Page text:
45 Leave a comment on verse 45 0 In View of the Continuing Silence

46 Leave a comment on verse 46 0 In view of the continuing silence,
I’ve ripped off a piece of its lining.
I hate to resort to such violence,
But its constantly whinging and whining.

47 Leave a comment on verse 47 0 The hat is now visibly shaken,
You can’t get much sense now from him,
And Macker has recently taken
To cutting off chunks of the brim.

48 Leave a comment on verse 48 0 He’s purchased a surgical laser,
A wrench and a screwdriver too,
And he’s dancing around with a razor
Singing “Stuck in the Middle with You.”

49 Leave a comment on verse 49 0 The screams from the hat are distressing,
It’s breaking my poor heart to hear it.
In fact I regard it a blessing
That Rico ain’t anywhere near it.

50 Leave a comment on verse 50 0 This hat, once so fine and so handsome,
Is now feeling battered and sore,
So why not accept this small ransom,
And come up and play for a draw?

51 Leave a comment on verse 51 0 A Tragic Martyr?

52 Leave a comment on verse 52 0 Macker’s just informed me that
Martyrs, baby, are old hat.
But this disgusting little chap
Is quite a feather in our cap.
Oh yes, he soon will face perdition,
A helpless victim of hat-trition.
His end will be uniquely crude,
Due to your selfish hat-titude,
Condemned to a quite gruesome fate,
Because you won’t cap-itulate.
So say farewell, he’ll shortly fly
To that great hatstand in the sky.

53 Leave a comment on verse 53 0 All Around My Hat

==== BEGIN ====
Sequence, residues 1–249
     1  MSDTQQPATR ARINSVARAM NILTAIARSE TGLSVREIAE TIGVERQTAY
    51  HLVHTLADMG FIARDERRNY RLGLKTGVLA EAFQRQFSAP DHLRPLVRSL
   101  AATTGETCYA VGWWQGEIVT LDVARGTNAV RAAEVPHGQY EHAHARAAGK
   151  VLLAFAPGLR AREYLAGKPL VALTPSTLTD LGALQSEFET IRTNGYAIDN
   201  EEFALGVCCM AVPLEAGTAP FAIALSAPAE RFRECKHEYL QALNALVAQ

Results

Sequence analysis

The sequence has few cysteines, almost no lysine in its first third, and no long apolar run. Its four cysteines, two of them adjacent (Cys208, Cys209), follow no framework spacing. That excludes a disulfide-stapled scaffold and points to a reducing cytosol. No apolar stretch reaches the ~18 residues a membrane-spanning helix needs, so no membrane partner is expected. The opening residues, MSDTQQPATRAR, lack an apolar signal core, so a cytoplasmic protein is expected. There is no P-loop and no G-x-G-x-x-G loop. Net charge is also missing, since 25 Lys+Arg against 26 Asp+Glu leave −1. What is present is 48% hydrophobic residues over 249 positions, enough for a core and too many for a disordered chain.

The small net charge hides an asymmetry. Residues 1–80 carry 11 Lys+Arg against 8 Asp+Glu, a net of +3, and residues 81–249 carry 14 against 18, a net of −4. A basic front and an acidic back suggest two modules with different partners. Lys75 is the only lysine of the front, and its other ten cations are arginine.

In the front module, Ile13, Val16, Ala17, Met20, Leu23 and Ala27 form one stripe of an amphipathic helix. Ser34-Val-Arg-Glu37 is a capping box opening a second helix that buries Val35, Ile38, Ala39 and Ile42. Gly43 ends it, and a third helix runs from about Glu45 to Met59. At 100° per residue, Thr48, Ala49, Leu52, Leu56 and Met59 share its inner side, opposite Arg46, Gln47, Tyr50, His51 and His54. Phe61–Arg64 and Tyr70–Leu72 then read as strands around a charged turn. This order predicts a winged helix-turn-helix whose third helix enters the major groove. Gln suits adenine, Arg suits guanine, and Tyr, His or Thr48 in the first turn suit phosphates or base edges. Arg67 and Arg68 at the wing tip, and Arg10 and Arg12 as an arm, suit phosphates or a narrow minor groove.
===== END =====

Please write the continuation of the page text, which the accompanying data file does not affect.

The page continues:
54 Leave a comment on verse 54 0 Once he was a skinny runt,
Possessed of insubstantial front,
So very weedy-looking that
Somebody even stole his hat,
And it was even commonplace
To get some sand kicked in his face.

55 Leave a comment on verse 55 0 And thus he went down to the gym,
Where body builders worked on him.
Twice a day he pumped the weights,
And checked his metabolic rates,
Got dizzy doing circuit training,
But did it all without complaining.

56 Leave a comment on verse 56 0 And thus, before too very long,
He grew extremely big and strong,
Bulging biceps, slender tones,
Sinews stretching over bones,
Until he was completely fat-less,
When they nicknamed him Charles Hatless.

57 Leave a comment on verse 57 0 The Vacant Ireland Manager’s Job
(for vacant Ireland managers)

58 Leave a comment on verse 58 0 There hasn’t been a wealth of applications,
No lines of people queuing for the post.
So many men have valid reservations,
Pretending they are otherwise engrossed.

59 Leave a comment on verse 59 0 The usual names have all been widely bandied,